Taking stock of economic regulation of power utilities in the developing world : a literature review

  • Keywords

    power sector market design and regulation; impact of privatization on performance; regulatory system; rate of return regulation; Internal rate of return; legislative branch of government; marginal cost of supply; exercise of monopoly power; tariff regime; tariff structure; performance contract; cost of capital; regulatory governance; quality of governance; autonomous regulatory agencies; electricity sector regulator; impact of regulation; conflicts of interest; independent regulatory entity; power sector reform; content of regulation; regulatory regime; regulatory commitment; allocative efficiency; private enterprise; good regulatory governance; development of regulation; court of law; good corporate governance; state owned enterprise; commercial law system; equal marginal cost; price cap mechanism; human resource capacity; return on capital; price cap regime; basket of services; elasticity of demand; autonomous regulatory body; regulatory asset base; alternative to regulation; adjustment of tariff; natural monopoly industry; independent regulatory agency; large capital investment; political decision maker; good regulatory practice; competition in electricity; body of knowledge; minimum quality standard; dimension of governance; form of regulation; regulation electricity; regulation of electricity; power sector regulation; internationally accepted accounting; allocation of resource; managers of state; small power system; lack of transparency; regulation by agency; law and regulation; hard budget constraint; price cap regulation; regulation of tariff; Rule of Law; regulation by contract; allocation of risk; ex ante controls; regulatory authority; productive efficiency; financial sustainability; infrastructure sector; utility regulation; literature review; tariff level; regulatory independence; regulatory function; regulatory decision; regulatory incentive; regulatory model; econometric study; institutional model; regulatory process; efficiency gain; tariff setting; Clean Energy; regulatory mechanism; public consultation; regulatory instrument; electricity tariff; carbon intensity; supply side; labor productivity; private operator; alternative regulatory; efficiency improvement; political pressure; rank correlation; government entity; performance variable; high tariff; operational efficiency; external influence; regulatory design; tariff regulation; explanatory variable; regulatory activity; efficient performance; regulatory period; price level; good performance; regulatory transparency; legal framework; regulatory performance; institutional framework; accounting costs; infrastructure company; legal mandate; great power; regulatory institution; governance arrangement; fiscal transfer; anecdotal evidence; performance result; cross-country study; infrastructure concession; autonomous body; price decline; political expediency; price index; incomplete contract; regulatory action; carbon emission; previous work; legal system; legal tradition; regulated utility; electricity regulator; average score; regulatory competency; infrastructure reform; bureaucratic delegation; empirical result; sectoral performance; regulatory expert; vulnerability measure; utility performance; review period; behavioral response; tariff grid; invest capital; fiscal contribution; scarce resource; cost minimization; alternative use; production cost; poor household; social concern; investment need; output level; Universal Service; variable cost; consumption pattern; dismissal procedure; market economy; interest group; privatization process; regression line; performance difference; solid line; management board; regulatory variable; regulatory problem; income elasticity; natural monopolies; average cost; consumption level; capital resource; residential consumer; profit maximization; social objective; electricity pricing; legal arrangement; competitive outcome; regulatory contract; expert panel; market mechanism; regulatory arrangement; contract enforcement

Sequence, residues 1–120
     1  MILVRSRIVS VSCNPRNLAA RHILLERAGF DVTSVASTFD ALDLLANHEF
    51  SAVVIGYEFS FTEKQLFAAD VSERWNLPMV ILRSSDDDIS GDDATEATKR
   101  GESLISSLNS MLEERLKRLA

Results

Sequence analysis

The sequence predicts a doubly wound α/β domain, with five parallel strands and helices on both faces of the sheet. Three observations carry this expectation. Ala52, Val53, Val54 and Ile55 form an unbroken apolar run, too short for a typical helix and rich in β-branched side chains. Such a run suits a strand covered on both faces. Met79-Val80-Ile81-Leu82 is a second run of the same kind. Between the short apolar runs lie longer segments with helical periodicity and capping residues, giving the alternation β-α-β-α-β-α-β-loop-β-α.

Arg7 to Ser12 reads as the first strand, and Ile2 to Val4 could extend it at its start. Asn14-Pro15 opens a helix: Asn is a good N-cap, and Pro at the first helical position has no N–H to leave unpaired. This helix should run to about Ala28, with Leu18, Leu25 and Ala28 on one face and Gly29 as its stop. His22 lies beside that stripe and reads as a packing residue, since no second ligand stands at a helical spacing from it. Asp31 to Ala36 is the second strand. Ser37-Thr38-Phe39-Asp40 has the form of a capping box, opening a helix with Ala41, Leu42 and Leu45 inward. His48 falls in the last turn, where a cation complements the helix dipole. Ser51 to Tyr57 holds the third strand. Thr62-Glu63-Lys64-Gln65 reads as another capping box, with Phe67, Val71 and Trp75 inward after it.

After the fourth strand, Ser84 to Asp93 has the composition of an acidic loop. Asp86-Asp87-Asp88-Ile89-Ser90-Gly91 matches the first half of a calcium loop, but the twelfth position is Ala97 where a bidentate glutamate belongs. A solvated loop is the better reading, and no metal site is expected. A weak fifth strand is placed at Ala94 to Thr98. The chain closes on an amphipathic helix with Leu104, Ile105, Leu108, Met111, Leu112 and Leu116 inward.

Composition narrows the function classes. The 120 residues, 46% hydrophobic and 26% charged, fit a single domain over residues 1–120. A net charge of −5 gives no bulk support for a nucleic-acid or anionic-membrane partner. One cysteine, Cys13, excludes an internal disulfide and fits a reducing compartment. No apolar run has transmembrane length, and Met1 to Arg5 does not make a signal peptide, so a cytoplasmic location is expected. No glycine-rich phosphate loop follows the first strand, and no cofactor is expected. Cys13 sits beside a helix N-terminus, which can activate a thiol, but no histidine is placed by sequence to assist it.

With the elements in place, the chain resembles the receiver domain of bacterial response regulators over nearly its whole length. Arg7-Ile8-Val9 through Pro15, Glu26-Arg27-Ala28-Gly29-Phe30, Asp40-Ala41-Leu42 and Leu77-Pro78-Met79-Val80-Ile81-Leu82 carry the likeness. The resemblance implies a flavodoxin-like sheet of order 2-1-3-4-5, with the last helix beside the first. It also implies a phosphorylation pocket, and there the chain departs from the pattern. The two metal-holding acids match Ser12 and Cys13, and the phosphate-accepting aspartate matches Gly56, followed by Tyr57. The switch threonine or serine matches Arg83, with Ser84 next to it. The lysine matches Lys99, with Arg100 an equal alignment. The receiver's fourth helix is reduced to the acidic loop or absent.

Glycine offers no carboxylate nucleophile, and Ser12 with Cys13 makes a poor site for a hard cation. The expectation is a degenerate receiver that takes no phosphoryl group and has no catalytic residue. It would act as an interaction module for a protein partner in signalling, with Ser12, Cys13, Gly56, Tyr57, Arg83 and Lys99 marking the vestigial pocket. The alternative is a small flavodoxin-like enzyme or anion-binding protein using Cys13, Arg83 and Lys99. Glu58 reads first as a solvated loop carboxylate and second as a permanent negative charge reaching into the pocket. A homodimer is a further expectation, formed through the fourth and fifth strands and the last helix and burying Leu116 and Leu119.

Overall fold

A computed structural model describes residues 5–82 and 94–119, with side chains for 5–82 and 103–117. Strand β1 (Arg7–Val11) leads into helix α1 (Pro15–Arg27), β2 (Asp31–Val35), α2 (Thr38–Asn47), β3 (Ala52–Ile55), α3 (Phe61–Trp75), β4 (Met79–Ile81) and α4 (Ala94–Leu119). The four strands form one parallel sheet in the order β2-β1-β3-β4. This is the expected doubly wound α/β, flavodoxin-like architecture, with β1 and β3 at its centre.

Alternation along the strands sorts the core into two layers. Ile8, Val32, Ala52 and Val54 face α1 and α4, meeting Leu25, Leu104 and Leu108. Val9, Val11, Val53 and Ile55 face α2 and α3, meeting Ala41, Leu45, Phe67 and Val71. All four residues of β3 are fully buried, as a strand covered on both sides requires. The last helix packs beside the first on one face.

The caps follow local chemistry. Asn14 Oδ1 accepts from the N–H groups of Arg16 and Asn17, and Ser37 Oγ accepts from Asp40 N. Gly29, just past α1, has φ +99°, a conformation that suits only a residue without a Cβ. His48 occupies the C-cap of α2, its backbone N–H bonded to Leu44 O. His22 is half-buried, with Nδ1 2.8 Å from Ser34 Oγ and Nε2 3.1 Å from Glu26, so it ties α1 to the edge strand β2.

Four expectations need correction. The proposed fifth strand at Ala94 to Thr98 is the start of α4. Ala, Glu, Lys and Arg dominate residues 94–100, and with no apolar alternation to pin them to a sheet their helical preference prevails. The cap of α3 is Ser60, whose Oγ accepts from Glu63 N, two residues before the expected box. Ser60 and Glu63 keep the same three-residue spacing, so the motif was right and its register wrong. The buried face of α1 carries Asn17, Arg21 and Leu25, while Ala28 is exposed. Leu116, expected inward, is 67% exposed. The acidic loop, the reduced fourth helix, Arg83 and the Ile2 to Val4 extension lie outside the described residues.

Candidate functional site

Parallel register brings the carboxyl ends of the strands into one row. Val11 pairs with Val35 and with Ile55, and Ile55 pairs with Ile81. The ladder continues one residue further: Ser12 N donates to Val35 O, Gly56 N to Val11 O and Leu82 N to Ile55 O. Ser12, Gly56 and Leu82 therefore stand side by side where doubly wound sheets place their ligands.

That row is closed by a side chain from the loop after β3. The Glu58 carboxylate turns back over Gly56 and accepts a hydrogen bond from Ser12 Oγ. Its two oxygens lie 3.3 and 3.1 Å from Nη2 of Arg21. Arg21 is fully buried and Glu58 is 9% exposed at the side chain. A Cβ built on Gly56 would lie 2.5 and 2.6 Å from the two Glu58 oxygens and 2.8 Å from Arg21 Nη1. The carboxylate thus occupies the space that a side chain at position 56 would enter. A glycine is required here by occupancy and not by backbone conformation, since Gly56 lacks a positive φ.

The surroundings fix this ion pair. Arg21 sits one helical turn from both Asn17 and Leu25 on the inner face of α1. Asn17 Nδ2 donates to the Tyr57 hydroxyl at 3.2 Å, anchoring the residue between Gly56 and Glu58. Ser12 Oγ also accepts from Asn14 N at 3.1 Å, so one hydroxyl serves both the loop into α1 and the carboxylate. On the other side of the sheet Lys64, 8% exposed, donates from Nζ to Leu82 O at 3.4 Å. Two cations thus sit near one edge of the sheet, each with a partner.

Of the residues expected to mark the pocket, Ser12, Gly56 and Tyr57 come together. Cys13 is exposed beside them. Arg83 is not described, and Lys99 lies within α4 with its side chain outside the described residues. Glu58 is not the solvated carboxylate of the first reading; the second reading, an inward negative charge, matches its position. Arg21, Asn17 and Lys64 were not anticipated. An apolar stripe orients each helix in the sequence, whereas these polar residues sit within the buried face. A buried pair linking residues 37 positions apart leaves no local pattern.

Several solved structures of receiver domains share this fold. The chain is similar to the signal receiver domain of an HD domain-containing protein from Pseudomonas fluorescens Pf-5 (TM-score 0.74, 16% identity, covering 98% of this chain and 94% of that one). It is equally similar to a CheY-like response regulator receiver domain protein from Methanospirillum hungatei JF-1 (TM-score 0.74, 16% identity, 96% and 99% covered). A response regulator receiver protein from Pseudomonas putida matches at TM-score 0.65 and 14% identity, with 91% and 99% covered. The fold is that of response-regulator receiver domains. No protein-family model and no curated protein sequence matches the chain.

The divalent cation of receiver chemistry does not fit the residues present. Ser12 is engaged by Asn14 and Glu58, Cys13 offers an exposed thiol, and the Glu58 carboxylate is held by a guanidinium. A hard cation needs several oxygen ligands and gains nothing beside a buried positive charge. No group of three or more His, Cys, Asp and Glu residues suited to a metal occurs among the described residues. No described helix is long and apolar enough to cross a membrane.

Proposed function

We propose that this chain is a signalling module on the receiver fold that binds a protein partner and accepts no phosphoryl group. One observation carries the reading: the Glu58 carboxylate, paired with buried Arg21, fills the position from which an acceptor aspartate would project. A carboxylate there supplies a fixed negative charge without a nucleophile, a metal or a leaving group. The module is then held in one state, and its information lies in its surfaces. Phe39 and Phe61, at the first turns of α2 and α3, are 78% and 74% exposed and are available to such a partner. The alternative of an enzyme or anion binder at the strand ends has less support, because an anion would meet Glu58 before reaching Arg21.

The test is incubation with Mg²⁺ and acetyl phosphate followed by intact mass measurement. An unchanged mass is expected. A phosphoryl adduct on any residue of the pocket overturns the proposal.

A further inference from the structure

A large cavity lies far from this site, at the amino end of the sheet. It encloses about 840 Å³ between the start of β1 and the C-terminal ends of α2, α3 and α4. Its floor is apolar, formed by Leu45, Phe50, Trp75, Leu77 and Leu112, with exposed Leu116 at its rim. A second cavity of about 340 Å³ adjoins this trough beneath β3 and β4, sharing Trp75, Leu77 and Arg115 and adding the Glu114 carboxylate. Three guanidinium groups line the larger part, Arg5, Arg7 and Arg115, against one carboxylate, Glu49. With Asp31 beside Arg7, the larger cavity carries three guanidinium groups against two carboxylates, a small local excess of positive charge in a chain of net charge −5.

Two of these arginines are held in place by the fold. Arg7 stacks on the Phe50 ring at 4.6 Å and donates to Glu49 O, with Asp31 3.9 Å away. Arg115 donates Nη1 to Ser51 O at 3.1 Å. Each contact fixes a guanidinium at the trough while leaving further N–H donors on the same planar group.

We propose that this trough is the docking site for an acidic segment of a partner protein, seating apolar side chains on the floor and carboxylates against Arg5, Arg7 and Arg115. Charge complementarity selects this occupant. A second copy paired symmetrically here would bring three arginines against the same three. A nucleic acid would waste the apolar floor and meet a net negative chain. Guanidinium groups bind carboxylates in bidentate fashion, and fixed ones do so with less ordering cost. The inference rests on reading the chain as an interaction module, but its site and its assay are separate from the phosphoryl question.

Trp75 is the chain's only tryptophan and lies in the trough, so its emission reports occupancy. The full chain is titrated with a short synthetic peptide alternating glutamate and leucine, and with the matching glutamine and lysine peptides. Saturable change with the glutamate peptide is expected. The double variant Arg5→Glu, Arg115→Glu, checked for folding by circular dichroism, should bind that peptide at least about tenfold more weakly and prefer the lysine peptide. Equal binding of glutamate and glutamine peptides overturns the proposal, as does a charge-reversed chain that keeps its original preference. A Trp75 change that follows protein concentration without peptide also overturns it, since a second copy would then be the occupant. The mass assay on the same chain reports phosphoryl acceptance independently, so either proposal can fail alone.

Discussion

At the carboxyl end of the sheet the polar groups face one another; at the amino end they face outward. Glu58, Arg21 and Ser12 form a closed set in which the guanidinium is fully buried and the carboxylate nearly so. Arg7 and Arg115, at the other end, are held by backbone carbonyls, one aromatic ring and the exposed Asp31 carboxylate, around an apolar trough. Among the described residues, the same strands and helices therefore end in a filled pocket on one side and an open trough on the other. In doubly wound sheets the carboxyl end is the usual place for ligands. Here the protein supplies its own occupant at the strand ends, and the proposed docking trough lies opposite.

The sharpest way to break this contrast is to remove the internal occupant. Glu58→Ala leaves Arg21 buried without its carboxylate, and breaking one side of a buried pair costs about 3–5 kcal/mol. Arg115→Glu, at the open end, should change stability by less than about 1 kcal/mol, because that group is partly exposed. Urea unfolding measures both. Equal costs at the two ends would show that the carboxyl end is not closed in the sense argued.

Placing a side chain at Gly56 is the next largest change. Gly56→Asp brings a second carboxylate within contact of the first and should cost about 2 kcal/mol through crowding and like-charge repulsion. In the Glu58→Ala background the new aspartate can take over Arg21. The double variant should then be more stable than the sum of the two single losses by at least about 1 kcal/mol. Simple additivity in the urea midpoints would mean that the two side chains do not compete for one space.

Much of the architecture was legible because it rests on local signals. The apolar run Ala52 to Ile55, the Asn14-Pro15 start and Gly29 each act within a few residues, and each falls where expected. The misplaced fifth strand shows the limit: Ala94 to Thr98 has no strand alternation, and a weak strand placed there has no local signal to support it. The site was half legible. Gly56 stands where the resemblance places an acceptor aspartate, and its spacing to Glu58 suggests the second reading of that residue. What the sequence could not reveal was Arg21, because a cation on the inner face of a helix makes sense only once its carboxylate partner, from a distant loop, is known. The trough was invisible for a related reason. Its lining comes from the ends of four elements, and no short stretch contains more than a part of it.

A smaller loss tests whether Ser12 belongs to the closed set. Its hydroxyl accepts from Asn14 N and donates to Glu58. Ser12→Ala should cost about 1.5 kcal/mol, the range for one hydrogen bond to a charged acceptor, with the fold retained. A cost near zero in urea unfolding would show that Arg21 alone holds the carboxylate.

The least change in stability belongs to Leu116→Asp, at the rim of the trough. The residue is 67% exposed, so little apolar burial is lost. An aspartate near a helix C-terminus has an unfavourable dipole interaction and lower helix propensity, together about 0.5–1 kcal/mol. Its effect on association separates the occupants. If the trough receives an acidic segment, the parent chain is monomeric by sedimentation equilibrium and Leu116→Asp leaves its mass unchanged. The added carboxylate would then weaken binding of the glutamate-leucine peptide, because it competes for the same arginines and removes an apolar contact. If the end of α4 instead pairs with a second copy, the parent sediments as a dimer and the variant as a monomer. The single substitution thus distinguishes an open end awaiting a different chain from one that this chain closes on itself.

Downloads

COMPLETE REPORT

Official version of document (may contain signatures, etc)

  • Official PDF
  • TXT*
  • Total Downloads** :
  • Download Stats
  • *The text version is uncorrected OCR text and is included solely to benefit users with slow connectivity.

Citation

Rodriguez Pardina,Martin Augusto Schiro,Julieta

Taking stock of economic regulation of power utilities in the developing world : a literature review (English). Policy Research working paper,no. WPS 8461,Rethinking Power Sector Reform Washington, D.C. : World Bank Group. http://documents.worldbank.org/curated/en/732921527773002514/Taking-stock-of-economic-regulation-of-power-utilities-in-the-developing-world-a-literature-review